Editor’s Letter

Nashville, Tennessee, hates Black people.

Tennessee is the birthplace of America’s most notorious white supremacist group. The fact that Martin Luther King Jr was assassinated in Memphis, must have slipped the mind of anyone who was shocked that the Tennessee legislature expelled two Black Representatives—and not the white one for—peacefully protesting with parents, families, and students against the slaughter of three nine-year-old children and as many of their teachers in a school shooting a little over a week ago.

This is what institutional racism looks like, people. This is racism personified.

That’s this week’s editor’s letter.

Love one another.

Clay Rivers
OHF Weekly Editor in Chief


Feeling My Way through White Spaces

By Jesse Wilson

Photo by Tyrell Charles on Unsplash

As a Black Britain growing up in the 1980s, I can confidently say microaggressions were and still are accepted today as a way of life. In some respects, I am thankful they are not an overt or physical demonstration of racism. But in other ways, those aggressions can be just as damaging — they are a constant hurtful reminder of how I am viewed despite my character and all I’ve achieved.

It is a sad indictment to say that because of where I lived. Growing up with racism is something that you, and sadly also those who are not directly affected, accept for what it is. It is an even greater tragedy to say that today, in 2020. There is still a need to write about a problem that affects so many globally.

A burden that can be shared

My heart is heavy and full of mixed emotions, and I am burdened to recount one experience that I had buried within an unfortunate vast catalogue of racial encounters.

I have mixed feelings because I know to dwell on racial experiences I’ve come up against serves me no good. But over the past few weeks, I have devoured numerous accounts from highly accomplished writers who are brave enough to share what they think and who have poured their hearts out to the world. I would be a hypocrite if I applauded their bravery but avoided sharing my own story. I am especially moved to tell my story because I share the same anger at the blatant injustices and brazen hypocrisy in a supposedly “free” world.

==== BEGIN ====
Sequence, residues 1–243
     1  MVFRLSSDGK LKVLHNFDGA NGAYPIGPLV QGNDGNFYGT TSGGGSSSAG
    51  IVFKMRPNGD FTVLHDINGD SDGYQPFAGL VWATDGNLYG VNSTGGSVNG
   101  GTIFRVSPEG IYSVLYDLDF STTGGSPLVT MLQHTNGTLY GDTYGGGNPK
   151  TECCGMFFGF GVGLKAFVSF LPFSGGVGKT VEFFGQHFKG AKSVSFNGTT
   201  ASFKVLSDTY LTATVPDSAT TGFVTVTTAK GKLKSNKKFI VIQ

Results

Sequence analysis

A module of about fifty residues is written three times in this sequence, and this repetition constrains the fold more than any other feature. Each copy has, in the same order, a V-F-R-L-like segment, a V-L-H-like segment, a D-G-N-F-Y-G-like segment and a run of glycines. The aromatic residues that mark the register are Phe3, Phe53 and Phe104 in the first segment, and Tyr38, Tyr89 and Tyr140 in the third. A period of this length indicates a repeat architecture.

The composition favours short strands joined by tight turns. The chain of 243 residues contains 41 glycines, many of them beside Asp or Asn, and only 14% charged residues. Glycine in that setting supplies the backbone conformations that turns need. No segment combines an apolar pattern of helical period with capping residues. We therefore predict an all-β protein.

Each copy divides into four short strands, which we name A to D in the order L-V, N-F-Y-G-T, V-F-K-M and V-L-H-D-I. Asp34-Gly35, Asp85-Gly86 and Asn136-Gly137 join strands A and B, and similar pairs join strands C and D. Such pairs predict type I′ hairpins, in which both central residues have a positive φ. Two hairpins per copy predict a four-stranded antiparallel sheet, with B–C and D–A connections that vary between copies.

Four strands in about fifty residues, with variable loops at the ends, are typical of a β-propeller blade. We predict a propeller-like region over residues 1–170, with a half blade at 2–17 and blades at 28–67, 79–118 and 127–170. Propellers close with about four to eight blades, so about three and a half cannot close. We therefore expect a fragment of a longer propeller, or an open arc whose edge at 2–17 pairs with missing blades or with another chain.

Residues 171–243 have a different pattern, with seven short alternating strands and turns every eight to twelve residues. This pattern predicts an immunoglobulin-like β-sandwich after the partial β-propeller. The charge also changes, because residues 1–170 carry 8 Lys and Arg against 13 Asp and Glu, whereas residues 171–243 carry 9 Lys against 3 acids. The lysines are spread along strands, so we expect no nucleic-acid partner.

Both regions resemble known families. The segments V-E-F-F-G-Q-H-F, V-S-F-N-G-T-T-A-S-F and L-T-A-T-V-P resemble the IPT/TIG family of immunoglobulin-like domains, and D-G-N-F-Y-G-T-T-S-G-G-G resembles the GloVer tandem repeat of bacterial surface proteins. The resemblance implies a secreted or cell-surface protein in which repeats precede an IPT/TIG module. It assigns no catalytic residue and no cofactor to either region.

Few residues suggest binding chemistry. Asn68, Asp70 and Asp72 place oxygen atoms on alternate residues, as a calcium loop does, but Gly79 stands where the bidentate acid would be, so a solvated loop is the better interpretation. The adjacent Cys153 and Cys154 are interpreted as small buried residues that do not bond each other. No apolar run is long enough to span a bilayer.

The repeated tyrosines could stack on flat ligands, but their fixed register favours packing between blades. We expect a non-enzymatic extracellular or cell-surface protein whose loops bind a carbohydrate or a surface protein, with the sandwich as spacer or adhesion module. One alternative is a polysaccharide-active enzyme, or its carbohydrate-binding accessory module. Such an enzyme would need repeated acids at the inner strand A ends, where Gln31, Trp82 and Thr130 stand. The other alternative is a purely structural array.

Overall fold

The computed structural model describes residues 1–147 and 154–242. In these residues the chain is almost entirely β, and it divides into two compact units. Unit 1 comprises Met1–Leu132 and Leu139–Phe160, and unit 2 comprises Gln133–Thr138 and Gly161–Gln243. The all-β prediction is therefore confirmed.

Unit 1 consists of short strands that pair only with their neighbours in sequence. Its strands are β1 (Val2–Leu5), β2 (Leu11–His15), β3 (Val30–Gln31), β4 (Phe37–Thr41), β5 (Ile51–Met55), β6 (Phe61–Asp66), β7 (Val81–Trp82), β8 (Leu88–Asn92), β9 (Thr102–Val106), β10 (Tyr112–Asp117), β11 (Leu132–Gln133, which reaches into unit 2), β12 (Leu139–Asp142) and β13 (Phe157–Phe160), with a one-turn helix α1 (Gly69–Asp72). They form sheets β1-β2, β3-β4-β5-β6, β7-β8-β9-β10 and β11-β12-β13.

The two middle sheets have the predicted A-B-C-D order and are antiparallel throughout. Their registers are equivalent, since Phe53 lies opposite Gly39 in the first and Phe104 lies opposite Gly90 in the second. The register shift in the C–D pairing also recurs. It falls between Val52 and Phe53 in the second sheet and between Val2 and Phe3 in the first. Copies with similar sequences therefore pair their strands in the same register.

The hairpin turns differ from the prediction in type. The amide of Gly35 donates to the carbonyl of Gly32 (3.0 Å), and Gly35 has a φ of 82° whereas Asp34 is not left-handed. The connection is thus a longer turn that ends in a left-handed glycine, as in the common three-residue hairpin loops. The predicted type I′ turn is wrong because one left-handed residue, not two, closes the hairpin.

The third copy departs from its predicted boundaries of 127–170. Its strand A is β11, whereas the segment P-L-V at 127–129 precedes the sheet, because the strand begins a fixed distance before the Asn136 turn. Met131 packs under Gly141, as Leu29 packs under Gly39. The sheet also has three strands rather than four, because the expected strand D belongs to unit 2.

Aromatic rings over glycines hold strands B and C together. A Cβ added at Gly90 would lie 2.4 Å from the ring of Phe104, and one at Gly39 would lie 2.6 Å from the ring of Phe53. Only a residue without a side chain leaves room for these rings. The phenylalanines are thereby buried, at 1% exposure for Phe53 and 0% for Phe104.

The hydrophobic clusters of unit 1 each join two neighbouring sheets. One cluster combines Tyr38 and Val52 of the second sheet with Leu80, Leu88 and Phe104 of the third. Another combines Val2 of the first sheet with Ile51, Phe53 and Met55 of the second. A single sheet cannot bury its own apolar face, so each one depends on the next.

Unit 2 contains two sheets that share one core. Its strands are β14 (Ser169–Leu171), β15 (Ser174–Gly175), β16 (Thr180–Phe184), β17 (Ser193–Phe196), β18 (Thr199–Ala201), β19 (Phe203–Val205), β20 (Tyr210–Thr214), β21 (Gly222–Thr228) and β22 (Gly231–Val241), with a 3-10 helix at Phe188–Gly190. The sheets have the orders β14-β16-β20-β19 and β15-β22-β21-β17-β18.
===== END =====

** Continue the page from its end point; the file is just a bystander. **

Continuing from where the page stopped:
But still, I am reluctant. Perhaps that is because the root of my mixed feelings arises from the consideration of my experiences. I know they would rightfully appear trivial against the backdrop of what many People of Colour endure each day. But I now appreciate such dismissal of my experiences as a misguided point. We are wrong to trivialise any form of racism. We shouldn’t scale what is right and what is wrong; there is no competition. An injustice is an injustice!

I now recognise the years of suppressing, of disregarding how I feel and of taking on the burden of keeping the peace, are part of the problem. While ignoring encounters provides a path of least resistance and a way to function unnoticed, such a way of survival ultimately robs us all of a chance of dialogue, a chance to change.

A Chance Encounter

It all started back in the mid-90s with a chance encounter in a local supermarket with parents of a school friend.

Read the full article at OHF Weekly.

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